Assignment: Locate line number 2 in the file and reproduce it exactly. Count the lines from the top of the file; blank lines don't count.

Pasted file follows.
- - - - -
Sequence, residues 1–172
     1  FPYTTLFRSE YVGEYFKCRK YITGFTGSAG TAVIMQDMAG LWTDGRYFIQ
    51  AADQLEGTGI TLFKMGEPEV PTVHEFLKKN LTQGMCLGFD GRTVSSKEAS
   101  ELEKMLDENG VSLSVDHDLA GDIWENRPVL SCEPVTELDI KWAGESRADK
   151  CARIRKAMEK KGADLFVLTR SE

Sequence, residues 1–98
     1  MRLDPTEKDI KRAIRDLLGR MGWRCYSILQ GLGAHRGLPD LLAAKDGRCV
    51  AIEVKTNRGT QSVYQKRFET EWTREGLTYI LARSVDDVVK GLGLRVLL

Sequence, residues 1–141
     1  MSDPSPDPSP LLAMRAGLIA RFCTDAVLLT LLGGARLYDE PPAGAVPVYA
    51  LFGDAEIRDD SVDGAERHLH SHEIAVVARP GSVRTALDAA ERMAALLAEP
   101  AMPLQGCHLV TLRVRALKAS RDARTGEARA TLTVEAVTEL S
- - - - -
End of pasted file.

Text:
     1  FPYTTLFRSE YVGEYFKCRK YITGFTGSAG TAVIMQDMAG LWTDGRYFIQ